|Area||5 km2 (2 sq mi)|
|- summer (DST)||CEST (UTC+2)|
|Postal codes||4780 Stege|
Nyord covers an area of approximately 5 km², although only 1.2 km² is cultivatable moraine, while the remaining 4 km² is salt-meadow which is used for summer grazing, but is flooded during the winter.
The island is reached by a narrow bridge from the larger island of Møn. The bridge was constructed in 1968 and replaced the post boat Røret which had been in service since 1902. The boat was not large enough for animals such as cattle or horses, which had to swim alongside the boat.
Traditionally the island has been self-sufficient, relying upon farming, fishing and piloting. Prior to 1769 the island belonged to the crown, but at this time crown lands were sold off, and the islanders purchased their own island for 3903 rigsdaler. The waters around the island are sufficiently treacherous that islanders could gain a livelihood as pilots, and this became enshrined in law as both a right and duty of the islanders between 1721 and 1879. After 1879 pilots were employed directly by the government instead of earning individual fees. A number of pilots houses and a lookout were constructed when the government took over the service. Piloting ceased in 1966.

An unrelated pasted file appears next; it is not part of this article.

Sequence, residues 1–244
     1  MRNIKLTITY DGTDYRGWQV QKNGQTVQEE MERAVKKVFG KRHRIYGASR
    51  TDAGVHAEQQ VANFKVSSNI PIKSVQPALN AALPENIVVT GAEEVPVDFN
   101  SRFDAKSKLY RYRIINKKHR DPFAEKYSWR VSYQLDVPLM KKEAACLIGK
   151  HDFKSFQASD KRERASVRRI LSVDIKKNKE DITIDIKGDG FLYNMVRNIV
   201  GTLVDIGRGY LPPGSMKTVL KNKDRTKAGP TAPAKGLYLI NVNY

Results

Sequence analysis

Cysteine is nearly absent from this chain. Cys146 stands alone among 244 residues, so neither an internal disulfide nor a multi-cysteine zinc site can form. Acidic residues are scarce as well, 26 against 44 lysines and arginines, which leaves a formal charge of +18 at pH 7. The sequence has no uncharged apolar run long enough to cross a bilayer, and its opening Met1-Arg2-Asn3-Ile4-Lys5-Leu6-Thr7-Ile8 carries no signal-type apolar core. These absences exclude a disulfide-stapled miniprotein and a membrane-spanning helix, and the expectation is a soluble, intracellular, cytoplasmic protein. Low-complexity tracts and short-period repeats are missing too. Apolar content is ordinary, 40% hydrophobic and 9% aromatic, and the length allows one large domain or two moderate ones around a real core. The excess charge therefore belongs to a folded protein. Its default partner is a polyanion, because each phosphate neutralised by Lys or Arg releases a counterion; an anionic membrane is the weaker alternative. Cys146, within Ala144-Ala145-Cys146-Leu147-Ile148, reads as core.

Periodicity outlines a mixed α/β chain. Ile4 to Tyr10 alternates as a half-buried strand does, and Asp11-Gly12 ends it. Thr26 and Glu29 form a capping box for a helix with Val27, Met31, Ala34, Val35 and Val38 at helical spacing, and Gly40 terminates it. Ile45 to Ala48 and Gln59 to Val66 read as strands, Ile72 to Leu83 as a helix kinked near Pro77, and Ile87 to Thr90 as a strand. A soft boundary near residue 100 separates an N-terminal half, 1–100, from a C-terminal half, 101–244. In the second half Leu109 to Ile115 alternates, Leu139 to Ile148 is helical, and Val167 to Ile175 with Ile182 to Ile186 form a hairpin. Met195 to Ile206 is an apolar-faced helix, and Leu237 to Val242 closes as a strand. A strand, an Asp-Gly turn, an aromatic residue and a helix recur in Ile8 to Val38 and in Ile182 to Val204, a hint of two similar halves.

The village of Nyord remains similar to its original design, with traditional thatched cottages and farm houses. It has a church, museum and small harbour. There is a restaurant Lolles Gård which is both a farm and a restaurant, there also is a village shop. The marshland area crossed by the bridge from the main island has one of Denmark's most important habitats for geese, ducks and other wading birds. There is an observation tower for birdwatchers to use.
|Wikimedia Commons has media related to Nyord.|
- Tageo.com, "VESTSJAELLAND DENMARK Geography Population" (coordinates), 2007, webpage: Tageo-index.
- Tele.dk Denmark detailed road map, webpage: Tele-DK-Danmark.